> Surely someone did all this already?

Funny, I was saying the same thing to someone privately a few days ago.
That would be the same person who likes to poke fun at my written
vernacular, which occasionally contains such phrases as "there y' go"! :-)
Shucks ma'am, I cain't talk any different 'n I know!

As I was saying to my dear colleague Nick, there is only one weakness in the
VMS text, and that is in the pharma section, since no certain meaning can be
derived from the astrological diagrams.  Assigning words to labels is no new
idea, and as you've demonstrated it is the most logical of approaches that
naturally occurs to someone.  It was the basis of Feely's approach, of
Strong's approach, D'Imperio spent much time on the labels, and I think even
Brumbaugh naturally attacked the labels first.

Most people make a list of labels, notice that they usually start with "o"
and get a little miffed at this statistic.  How can every word used start
with the same letter?  It shouldn't matter if every label started with smily
clown faces as long as you're convinced they contain information.  Logic
dictates that the labels are the only real weakness in the VMS text, the
most readily exploitable avenue of attack, and the labels in the pharma
section present the only viable avenue for such an attack, since this
section is the only one in the VMS that offers some certainty as to the
identification of the labels and their association with adjacent labels..

The fact that portions of plants from the herbal section also exist in the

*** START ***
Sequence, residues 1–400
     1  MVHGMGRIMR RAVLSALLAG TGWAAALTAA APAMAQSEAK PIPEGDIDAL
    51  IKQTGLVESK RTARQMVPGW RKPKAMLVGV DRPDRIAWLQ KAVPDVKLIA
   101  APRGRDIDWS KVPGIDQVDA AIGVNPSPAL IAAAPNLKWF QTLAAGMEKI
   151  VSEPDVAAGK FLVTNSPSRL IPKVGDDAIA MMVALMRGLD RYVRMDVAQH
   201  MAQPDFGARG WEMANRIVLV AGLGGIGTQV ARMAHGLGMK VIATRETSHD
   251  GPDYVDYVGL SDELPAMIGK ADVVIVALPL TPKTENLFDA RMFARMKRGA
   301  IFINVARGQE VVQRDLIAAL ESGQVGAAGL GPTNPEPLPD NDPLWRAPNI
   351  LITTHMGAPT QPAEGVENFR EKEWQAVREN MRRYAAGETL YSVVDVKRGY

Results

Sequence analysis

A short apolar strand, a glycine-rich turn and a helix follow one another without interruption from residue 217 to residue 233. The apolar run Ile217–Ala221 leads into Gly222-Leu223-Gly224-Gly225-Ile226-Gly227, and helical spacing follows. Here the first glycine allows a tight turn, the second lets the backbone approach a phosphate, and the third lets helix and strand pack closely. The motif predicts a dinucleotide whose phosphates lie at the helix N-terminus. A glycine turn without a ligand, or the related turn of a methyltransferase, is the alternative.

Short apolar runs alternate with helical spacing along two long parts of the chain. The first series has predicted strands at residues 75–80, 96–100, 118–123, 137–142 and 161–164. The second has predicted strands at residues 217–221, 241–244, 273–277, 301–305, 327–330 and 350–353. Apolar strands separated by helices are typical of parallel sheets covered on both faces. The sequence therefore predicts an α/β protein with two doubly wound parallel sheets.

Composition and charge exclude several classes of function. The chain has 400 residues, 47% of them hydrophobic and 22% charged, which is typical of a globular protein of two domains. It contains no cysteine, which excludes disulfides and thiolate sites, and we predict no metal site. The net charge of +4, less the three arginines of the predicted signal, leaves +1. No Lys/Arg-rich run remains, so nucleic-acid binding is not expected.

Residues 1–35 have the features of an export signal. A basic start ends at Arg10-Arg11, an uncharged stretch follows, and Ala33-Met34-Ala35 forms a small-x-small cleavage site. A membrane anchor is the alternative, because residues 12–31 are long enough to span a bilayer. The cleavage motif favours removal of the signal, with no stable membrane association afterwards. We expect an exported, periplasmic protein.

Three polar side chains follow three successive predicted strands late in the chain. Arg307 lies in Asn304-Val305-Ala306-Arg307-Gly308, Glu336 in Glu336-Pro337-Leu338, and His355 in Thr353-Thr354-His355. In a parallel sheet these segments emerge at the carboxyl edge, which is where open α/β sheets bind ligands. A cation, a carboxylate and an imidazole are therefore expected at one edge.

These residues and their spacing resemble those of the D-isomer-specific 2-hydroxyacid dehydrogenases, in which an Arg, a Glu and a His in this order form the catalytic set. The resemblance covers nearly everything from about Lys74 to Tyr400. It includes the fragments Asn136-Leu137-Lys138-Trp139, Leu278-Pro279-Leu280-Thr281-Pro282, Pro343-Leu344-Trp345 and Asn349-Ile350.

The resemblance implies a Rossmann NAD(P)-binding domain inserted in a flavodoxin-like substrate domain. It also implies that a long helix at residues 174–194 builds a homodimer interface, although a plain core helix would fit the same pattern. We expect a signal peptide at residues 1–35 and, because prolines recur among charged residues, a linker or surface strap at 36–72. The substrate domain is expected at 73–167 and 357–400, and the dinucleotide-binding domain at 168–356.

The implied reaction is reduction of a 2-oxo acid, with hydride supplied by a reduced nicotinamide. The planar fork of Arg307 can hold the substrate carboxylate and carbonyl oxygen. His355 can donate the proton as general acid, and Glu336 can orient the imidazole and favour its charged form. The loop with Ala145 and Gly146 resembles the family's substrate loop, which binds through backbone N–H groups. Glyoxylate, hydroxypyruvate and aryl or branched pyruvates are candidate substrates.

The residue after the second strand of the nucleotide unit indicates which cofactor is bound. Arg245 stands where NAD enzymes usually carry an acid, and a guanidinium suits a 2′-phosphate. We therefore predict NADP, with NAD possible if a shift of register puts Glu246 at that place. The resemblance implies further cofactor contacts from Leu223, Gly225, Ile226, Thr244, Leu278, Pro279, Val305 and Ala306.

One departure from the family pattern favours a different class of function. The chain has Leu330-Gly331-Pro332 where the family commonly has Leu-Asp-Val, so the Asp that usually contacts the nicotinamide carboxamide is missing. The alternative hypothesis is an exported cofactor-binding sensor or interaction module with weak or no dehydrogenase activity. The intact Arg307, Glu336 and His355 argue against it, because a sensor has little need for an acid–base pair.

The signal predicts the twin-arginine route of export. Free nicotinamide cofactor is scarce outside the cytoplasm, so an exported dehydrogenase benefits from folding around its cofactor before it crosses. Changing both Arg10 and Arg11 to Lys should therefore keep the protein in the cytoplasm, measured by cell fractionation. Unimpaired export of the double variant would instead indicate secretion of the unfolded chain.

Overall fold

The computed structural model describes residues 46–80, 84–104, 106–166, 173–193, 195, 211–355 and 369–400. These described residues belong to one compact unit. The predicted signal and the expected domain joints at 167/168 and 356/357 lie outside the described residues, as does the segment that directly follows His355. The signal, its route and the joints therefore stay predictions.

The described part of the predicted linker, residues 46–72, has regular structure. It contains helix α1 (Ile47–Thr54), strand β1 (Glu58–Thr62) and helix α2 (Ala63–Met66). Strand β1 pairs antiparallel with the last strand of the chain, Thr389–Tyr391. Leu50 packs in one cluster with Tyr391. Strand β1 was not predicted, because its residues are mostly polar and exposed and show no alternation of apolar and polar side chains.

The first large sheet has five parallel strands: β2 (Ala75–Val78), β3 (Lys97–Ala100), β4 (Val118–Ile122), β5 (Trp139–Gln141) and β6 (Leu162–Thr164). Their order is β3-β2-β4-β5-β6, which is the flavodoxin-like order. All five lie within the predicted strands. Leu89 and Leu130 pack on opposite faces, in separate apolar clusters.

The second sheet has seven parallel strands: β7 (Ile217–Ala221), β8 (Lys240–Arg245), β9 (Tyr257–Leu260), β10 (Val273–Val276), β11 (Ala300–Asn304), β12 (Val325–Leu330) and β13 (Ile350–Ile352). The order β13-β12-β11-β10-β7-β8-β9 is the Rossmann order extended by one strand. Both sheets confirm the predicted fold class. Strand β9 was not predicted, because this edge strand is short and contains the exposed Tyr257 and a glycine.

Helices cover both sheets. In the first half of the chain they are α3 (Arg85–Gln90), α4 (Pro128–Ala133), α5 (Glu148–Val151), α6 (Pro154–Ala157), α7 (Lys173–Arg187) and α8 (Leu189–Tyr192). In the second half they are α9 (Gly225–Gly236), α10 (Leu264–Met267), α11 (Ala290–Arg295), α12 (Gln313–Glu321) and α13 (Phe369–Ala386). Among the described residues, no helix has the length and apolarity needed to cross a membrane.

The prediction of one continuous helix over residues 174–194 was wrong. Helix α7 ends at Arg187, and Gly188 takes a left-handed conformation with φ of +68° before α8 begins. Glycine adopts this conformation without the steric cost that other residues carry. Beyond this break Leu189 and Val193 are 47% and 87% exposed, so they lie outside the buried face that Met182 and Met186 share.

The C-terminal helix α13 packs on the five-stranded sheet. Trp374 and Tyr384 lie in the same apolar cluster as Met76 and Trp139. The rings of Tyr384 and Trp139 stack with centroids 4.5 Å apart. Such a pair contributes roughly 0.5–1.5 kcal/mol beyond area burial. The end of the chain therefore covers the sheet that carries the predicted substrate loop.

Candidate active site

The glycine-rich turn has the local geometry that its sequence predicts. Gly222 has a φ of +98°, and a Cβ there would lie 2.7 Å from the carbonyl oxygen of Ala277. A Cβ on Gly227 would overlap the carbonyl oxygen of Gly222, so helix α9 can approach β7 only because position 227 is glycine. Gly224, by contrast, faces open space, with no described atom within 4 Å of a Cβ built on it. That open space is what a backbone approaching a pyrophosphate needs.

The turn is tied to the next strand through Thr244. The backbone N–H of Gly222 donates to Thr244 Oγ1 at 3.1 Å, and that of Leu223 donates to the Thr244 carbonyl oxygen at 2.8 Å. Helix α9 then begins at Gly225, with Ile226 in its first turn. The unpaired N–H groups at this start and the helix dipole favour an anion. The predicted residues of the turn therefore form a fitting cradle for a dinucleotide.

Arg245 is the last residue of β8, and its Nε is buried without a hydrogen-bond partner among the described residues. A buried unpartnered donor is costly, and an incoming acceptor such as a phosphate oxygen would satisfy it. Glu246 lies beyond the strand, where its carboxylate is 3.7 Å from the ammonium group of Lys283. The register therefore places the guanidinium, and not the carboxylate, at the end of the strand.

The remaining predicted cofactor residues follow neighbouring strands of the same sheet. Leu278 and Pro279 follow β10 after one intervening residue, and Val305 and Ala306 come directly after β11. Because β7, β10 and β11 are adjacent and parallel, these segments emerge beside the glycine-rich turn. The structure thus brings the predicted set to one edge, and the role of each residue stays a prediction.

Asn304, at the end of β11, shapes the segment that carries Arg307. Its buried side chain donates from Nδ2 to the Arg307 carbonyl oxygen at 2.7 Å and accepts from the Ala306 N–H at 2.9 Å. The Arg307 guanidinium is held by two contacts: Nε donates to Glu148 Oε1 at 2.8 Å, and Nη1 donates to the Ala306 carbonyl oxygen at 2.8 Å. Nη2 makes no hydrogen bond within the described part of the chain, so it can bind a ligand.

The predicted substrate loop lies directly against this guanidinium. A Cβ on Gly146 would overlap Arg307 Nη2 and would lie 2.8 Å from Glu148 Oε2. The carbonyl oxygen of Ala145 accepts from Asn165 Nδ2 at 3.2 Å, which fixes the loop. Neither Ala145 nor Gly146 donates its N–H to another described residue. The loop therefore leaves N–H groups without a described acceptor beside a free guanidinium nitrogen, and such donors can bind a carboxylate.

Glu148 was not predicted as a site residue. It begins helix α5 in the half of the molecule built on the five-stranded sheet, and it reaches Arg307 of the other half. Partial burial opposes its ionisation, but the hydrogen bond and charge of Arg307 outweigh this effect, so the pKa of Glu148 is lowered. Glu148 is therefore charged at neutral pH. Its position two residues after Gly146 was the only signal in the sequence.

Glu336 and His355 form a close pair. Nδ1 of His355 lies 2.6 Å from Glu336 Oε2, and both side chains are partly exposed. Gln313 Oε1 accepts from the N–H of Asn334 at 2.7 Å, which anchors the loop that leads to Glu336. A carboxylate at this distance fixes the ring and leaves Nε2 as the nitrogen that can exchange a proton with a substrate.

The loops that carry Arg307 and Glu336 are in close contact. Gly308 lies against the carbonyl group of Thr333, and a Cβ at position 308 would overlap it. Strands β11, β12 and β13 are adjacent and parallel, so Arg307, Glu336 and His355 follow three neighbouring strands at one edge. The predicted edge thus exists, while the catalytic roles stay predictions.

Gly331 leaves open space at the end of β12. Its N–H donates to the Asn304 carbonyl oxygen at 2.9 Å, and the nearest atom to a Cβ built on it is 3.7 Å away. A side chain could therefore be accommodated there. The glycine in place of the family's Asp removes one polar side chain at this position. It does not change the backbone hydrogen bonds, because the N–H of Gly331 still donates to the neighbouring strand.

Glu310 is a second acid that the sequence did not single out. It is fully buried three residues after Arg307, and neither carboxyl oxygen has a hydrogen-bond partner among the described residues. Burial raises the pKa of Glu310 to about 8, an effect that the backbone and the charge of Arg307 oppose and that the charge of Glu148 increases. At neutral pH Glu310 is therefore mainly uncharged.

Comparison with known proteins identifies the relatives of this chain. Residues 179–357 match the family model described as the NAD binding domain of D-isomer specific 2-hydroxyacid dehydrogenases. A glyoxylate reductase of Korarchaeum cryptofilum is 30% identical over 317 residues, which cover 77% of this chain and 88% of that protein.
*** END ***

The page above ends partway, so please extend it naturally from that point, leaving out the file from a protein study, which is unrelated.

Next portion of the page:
pharma section demonstrates continuity of thought in proper context, since
individual ingredients are also depicted as part of remedies or
"antidotaries" later on.  In addition to making a list of plant names in
varying languages, it is also valuable to compare the labels next to the few
recurring plants and locate words of the same length in the first two lines
of text in the corresponding herbal folio, since this is where the plant
name is most likely to occur.

Of course, following this line of thinking assumes much that would not be
readily assumed by someone who considers "hoax" as the most probable of
explanations, doesn't it?  The approach you suggest here assumes that the
plant drawings are actually representative of specific plants, within the
latitude of the artist's interpretation, and therefore that the drawings of
plants convey meaning to the artist, something you argue against.  This
approach assumes that the text itself reflects a subject matter in keeping
with the drawings, an assumption that relies on the previous assumption that
the plant drawings are representative of actual plants.  These minimal
assumptions must be in place in order to contextually connect the pharma
with the herbal.  Making such connections goes against the idea that the VMS
is a collection of separate leaves bound in one volume, an idea that is
visually refuted by the reproduction of sections of plants in the pharma, in
my view.  Evidence is sparse, but enough exists to bring into question
suggestions of disparate authors and sources.

A priori - the best approach in my mind is a positive one, something that
involves first sitting down and listing everything you know positively about
the manuscript.  (I may have actually suggested this once or 15 times in the
past).  The art of intelligence is not to take in the whole and attempt an
understanding, rather to gather the slightest little bits of information and
gradually build a picture, piece by piece.  This may appear to be a childish
approach, but make a list of the most obvious of facts, the simpler the
better - "VMS contains apparent text" - "text is written left to right" -